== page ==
Articles | Volume 15, issue 7
The Cryosphere, 15, 3255–3278, 2021
https://doi.org/10.5194/tc-15-3255-2021
The Cryosphere, 15, 3255–3278, 2021
https://doi.org/10.5194/tc-15-3255-2021

Research article 15 Jul 2021

Research article | 15 Jul 2021

Gulf of Alaska ice-marginal lake area change over the Landsat record and potential physical controls

Hannah R. Field et al.

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Interactive discussion

Status: closed

Comment types: AC – author | RC – referee | CC – community | EC – editor | CEC – chief editor | : Report abuse
  • RC1: 'Review of Field et al. ‘Topography exerts primary control on the rate of Gulf of Alaska ice-marginal lake area change over the Landsat record’.', Jenna Sutherland, 05 Feb 2021
    • AC1: 'Reply on RC1', William Armstrong, 12 May 2021
  • RC2: 'Comment on tc-2020-366', Anonymous Referee #2, 15 Feb 2021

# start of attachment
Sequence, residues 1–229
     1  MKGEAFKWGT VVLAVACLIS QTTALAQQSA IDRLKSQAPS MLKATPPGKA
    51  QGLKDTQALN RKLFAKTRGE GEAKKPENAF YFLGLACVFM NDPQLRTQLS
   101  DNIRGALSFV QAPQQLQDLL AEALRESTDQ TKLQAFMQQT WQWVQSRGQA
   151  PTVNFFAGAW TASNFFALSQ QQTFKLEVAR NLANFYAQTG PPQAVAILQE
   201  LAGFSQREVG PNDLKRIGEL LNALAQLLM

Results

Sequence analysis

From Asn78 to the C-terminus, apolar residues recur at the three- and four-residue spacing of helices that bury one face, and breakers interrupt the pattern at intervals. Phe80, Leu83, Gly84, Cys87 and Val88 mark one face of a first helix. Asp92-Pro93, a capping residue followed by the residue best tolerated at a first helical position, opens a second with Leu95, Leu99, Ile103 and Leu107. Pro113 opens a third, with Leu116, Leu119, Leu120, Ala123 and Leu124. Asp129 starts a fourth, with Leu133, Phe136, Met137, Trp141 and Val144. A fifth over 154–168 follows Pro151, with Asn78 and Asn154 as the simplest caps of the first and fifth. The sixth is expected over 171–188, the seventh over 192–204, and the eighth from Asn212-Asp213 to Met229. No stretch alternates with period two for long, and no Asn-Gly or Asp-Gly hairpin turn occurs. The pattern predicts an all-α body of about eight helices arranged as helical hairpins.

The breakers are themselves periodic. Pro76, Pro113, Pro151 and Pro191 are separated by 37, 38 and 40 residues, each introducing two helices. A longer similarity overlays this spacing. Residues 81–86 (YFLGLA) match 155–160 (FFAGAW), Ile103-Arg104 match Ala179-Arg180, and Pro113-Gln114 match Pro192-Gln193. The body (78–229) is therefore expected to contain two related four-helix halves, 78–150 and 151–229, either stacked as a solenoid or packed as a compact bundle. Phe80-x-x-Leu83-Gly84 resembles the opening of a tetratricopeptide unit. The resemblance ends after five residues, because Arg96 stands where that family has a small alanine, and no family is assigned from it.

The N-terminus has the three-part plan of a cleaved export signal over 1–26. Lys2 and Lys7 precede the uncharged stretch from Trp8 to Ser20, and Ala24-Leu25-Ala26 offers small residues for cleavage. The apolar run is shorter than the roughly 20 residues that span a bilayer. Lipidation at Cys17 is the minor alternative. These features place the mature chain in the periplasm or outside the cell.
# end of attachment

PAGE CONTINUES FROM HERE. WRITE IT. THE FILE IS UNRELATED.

• AC2: 'Reply on RC2', William Armstrong, 12 May 2021

Peer review completion

AR: Author's response | RR: Referee report | ED: Editor decision
ED: Publish subject to revisions (further review by editor and referees) (13 May 2021) by Chris R. Stokes
AR by William Armstrong on behalf of the Authors (17 May 2021)  Author's response    Author's tracked changes
ED: Referee Nomination & Report Request started (20 May 2021) by Chris R. Stokes
RR by Jenna Sutherland (01 Jun 2021)
ED: Publish as is (09 Jun 2021) by Chris R. Stokes
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Short summary
The growth of a glacier lake alters the hydrology, ecology, and glaciology of its surrounding region. We investigate modern glacier lake area change across northwestern North America using repeat satellite imagery. Broadly, we find that lakes downstream from glaciers grew, while lakes dammed by glaciers shrunk. Our results suggest that the shape of the landscape surrounding a glacier lake plays a larger role in determining how quickly a lake changes than climatic or glaciologic factors.